For de Carlo it is this level of focus to details that adds to the experience of the space which, as the world continues to be flattened by digital culture, and the art world, in particular, becomes more aspatial, comes to take on greater meaning. “Of course I have incredible experiences all over,” says de Carlo, who also has satellite galleries in Hong Kong and London. “What I don’t like are the ‘iconic’ places. I think most museums are very boring, especially the way they use the partition walls: You start from one point and you always end up on the opposite side, just do a little tour, it’s very boring sometimes.” (For more on de Carlo’s feelings about unimaginative partitions, one needs only to behold the stunning shoji screens that Caturegli Formica installed in his townhouse.)

“Some of those experiences are very unpleasant even if the shows are fantastic,” de Carlo continues. “Especially during Christmastime because everyone is on vacation and wants to see a specific museum. If you are in Florence, you want to see the Uffizi, and if you are in Paris, you want to see the Pompidou, and if you are London, you want to see Tate; you are always in line. It’s like trying to get to the Hamptons on a Friday afternoon. It’s very annoying. The starting point should be the perfect viewing of an artwork. This is exactly what I’m trying to do in my little niche when I deal with a space like Palazzo Belgioioso. That is exactly the starting point of my reflection.”

The Milanese architectural firm Caturegli Formica designed a tearoom in between De Carlo’s renovated home office and the new living room, designed by Lorenzo Bini of Studio Binocle. Bini placed a circular “moon door” between the two spaces, through which a vintage Bazaar “loungescape” by the radical design group Superstudio is visible.

And the art dealer is not stopping there. De Carlo recently took over the ground floor and basement of another significant Milanese house, Casa Corbellini-Wassermann, designed by Piero Portaluppi in 1936. He anticipates that gallery, which will have both exhibition space and offices, will open in 2018. Still, for de Carlo, nothing will ever compare to the experience of seeing art where it’s made. “The studio visit for me is always an incredible experience,” he says. “I see the art I’m working with, I see the artist I like, and the finished artwork is still very fresh. It’s like having a baguette early in the morning.”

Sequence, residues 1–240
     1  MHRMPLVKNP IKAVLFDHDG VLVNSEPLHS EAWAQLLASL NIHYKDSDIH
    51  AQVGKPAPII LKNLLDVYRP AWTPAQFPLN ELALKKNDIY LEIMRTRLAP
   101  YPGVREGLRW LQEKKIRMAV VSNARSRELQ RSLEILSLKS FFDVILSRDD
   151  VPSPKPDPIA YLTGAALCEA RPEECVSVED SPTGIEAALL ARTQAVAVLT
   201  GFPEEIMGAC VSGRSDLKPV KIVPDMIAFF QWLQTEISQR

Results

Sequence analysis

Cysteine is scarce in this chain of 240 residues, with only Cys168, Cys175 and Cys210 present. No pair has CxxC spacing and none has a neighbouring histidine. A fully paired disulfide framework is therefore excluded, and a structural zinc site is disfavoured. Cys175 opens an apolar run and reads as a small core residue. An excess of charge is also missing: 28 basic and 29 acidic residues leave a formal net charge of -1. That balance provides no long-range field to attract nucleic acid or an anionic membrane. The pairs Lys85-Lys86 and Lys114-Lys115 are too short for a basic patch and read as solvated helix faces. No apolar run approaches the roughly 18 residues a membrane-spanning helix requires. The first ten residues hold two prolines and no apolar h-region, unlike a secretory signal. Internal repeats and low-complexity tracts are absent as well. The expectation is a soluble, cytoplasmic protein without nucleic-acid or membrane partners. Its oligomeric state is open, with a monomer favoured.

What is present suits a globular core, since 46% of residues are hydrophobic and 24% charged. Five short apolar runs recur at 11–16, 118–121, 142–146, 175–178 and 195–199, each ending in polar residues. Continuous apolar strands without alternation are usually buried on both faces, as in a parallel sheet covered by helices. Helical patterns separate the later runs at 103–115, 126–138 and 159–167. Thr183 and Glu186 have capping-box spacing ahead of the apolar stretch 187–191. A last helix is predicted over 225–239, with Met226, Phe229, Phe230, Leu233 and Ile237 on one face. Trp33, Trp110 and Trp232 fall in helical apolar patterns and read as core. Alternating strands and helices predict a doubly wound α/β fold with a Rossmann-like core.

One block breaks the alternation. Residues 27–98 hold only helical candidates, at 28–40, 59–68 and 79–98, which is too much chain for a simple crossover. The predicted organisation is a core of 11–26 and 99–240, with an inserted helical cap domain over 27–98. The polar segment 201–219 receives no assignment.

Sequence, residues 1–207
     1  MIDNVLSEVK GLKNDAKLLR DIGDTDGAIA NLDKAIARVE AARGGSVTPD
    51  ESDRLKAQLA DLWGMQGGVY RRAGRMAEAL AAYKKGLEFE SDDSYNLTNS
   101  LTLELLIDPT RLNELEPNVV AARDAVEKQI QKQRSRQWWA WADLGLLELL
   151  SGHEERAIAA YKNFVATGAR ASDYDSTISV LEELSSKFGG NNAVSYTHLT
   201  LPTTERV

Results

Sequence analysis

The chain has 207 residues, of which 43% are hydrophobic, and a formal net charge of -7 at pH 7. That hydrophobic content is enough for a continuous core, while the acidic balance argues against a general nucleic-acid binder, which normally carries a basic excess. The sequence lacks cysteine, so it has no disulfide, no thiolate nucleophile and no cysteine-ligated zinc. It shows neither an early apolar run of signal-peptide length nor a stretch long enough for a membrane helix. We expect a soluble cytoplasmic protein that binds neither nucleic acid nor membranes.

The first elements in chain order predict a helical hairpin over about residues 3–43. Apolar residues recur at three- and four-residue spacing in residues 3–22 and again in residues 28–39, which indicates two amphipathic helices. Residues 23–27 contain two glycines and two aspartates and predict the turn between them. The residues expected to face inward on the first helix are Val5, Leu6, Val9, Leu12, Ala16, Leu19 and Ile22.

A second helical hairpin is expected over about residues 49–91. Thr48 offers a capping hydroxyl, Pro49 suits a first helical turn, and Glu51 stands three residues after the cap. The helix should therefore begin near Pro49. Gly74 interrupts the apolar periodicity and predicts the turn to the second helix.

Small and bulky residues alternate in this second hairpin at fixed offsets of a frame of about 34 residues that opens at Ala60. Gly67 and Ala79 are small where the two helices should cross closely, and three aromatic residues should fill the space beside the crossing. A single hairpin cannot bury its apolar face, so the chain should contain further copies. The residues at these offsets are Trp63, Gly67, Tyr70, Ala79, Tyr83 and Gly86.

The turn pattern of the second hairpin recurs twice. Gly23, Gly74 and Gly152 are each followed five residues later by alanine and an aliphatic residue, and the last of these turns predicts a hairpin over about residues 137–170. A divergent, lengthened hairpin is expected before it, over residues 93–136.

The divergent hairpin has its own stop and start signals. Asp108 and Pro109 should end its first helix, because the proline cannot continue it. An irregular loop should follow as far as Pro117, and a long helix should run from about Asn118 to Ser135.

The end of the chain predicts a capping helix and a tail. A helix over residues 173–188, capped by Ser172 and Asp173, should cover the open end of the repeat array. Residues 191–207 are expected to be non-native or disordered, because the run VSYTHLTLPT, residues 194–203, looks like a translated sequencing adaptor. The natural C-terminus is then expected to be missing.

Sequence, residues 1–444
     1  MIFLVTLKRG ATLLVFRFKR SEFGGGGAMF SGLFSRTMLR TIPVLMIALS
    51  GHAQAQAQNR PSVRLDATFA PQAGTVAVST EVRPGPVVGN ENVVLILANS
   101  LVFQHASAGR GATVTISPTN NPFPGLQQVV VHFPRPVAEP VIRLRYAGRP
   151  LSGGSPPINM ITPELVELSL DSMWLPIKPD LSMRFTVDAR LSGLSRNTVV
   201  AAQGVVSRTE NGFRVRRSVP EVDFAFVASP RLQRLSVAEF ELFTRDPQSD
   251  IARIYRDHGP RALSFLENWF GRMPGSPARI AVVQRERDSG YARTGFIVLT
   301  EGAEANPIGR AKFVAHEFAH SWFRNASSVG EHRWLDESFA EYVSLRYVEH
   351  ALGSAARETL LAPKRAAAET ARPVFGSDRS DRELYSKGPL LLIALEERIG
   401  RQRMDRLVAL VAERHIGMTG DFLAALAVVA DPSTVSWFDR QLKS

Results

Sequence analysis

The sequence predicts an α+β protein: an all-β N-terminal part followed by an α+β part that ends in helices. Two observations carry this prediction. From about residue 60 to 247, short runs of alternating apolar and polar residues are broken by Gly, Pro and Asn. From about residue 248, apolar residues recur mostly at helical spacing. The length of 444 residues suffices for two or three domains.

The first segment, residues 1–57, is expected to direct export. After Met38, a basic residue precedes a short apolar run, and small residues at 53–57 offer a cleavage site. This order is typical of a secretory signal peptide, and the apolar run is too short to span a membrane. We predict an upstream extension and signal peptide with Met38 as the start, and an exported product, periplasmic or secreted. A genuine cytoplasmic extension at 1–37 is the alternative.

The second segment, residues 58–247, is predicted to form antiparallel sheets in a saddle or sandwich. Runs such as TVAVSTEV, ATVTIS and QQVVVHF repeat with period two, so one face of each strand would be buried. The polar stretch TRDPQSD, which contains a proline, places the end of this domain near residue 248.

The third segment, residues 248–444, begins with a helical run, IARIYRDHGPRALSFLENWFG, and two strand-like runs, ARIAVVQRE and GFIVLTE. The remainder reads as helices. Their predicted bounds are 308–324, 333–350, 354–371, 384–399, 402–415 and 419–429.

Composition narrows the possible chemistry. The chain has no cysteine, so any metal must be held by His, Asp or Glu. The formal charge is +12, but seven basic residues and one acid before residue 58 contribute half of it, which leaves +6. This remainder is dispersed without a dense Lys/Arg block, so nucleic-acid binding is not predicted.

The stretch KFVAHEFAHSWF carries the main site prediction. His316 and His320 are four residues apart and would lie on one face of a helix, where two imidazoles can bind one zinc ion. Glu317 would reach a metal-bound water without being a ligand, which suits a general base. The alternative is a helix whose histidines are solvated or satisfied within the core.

The Villa Corbellini-Wassermann is well-known for this stone and bronze exterior staircase, which was designed by Portaluppi for the 1933 Triennale and repurposed for the house after the exhibition.

Alix Browne is the features director of W Magazine. She writes regularly about the intersection of art, fashion, and design.

While architectural work still rests at the foundation of photographer Adrian Gaut’s oeuvre, his subject matter now encompasses anything and everything from cars, planes, and spaceships, to landscapes, still-life and portraits. Originally from Portland, Oregon, Gaut lives and works in New York City.